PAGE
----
PEN America survey: Mass surveillance causing self-censorship among writers


Sixty-six percent of American writers disapprove of their government’s collection of phone and internet data, according to a survey from the PEN American Center.

The survey of 540 US writers found that a majority assume that their communications are monitored. PEN says that this assumption has prompted some to self-censor when writing or researching certain subjects or communicating with sources, or friends, abriad.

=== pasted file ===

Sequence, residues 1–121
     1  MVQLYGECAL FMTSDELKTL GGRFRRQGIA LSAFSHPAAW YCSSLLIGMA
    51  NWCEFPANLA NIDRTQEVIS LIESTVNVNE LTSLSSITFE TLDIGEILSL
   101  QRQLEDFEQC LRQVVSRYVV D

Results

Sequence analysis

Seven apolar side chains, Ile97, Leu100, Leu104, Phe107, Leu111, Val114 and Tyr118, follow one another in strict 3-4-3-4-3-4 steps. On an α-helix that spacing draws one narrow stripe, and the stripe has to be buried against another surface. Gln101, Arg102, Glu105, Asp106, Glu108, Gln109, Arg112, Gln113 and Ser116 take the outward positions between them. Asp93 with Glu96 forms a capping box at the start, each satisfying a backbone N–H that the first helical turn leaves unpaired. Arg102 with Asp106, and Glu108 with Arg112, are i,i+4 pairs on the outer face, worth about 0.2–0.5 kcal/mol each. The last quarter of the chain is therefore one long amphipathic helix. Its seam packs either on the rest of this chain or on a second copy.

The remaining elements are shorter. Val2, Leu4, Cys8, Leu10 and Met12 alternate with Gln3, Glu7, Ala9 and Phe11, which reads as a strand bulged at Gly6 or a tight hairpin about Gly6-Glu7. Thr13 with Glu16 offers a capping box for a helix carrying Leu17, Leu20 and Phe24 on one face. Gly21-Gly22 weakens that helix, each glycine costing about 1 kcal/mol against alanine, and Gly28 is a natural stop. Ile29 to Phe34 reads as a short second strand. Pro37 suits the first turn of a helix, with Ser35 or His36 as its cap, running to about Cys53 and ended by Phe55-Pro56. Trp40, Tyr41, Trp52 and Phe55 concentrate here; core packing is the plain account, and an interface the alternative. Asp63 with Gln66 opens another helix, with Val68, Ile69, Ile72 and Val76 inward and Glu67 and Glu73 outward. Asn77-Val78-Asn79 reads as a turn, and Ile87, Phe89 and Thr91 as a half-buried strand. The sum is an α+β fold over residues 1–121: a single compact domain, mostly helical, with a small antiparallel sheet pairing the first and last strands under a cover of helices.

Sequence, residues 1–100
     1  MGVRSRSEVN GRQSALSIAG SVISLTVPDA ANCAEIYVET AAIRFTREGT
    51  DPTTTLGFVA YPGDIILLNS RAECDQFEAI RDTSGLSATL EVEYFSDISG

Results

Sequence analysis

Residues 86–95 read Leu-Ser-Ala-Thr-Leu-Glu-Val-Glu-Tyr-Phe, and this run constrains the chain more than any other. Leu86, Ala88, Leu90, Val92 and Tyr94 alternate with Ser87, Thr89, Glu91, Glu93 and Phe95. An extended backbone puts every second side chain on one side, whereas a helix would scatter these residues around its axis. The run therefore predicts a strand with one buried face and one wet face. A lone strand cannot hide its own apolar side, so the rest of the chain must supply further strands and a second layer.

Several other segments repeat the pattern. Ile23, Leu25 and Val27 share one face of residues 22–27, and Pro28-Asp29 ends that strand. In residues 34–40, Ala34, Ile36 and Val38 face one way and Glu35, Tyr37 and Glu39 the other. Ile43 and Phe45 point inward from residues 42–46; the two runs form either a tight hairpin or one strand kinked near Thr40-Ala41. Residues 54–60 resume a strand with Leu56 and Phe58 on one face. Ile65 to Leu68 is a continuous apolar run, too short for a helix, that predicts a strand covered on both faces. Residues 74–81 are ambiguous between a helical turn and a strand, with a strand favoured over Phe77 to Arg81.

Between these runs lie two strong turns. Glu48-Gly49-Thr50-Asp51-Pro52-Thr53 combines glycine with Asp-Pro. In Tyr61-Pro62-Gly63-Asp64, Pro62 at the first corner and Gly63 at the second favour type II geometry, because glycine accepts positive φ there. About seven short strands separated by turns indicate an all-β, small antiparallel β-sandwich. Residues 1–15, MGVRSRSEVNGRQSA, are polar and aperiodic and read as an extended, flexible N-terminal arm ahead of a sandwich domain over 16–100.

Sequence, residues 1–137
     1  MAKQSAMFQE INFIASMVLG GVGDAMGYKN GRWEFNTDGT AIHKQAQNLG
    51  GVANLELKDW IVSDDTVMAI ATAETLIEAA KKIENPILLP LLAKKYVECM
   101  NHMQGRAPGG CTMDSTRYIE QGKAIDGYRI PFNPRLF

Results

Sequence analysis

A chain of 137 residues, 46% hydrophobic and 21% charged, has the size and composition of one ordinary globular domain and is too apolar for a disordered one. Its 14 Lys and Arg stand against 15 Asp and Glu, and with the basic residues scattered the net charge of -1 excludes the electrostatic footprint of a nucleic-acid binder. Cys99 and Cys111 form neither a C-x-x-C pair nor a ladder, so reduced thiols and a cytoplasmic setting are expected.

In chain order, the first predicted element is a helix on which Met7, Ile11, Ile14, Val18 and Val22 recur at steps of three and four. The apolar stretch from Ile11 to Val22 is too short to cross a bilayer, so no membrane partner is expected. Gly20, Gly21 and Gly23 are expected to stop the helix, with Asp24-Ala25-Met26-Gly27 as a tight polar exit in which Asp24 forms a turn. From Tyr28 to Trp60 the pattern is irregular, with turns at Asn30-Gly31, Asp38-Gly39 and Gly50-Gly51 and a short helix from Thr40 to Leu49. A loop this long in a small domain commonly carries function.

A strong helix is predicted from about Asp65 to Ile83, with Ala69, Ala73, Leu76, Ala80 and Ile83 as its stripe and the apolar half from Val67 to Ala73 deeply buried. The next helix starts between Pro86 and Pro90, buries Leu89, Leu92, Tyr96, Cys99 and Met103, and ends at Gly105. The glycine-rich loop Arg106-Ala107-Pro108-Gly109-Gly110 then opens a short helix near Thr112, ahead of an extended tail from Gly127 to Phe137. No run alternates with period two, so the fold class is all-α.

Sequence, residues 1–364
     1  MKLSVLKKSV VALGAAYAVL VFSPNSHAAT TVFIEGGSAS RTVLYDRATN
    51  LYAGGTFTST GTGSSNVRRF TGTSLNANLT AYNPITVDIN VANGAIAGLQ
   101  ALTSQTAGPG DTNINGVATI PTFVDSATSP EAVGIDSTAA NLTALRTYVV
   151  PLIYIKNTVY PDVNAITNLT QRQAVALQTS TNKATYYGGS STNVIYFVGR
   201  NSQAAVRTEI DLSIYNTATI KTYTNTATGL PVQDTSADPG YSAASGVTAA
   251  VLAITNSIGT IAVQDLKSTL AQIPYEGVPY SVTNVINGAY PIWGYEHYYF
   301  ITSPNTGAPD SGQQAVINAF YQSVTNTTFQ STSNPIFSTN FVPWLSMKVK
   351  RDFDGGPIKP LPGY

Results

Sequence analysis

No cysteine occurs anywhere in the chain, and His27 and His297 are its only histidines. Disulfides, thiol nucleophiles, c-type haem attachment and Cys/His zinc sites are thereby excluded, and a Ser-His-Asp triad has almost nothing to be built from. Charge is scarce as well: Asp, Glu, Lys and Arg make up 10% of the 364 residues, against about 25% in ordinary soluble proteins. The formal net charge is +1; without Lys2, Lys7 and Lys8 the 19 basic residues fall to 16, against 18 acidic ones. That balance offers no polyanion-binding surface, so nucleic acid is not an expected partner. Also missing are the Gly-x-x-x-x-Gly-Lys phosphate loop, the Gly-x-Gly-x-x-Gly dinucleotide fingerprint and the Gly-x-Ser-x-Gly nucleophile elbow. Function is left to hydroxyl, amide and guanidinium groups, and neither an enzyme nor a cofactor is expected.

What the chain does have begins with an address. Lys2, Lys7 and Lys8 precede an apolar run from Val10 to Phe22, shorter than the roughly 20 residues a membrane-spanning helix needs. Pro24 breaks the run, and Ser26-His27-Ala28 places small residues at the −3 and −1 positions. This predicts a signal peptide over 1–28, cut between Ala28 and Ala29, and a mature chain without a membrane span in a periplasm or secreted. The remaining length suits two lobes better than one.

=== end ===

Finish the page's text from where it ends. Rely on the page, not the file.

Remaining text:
“I assume everything I do electronically is subject to monitoring,” one writer said in responding to the survey.

The report states:

This assumption is striking: in a short span of time, the United States has shifted from a society in which the right to privacy in personal communications was considered inviolate to a society in which many writers assume they have already lost the right to privacy and now expect to be spied upon almost constantly.”

Survey respondents were concerned about the US framework for surveillance would become “business as usual” for the rest of the world.

Writers reported self-censoring on subjects including military affairs, the Middle East North Africa region, mass incarceration, drug policies, pornography, the Occupy movement, the study of certain languages and criticism of the US government.”

Read the full report here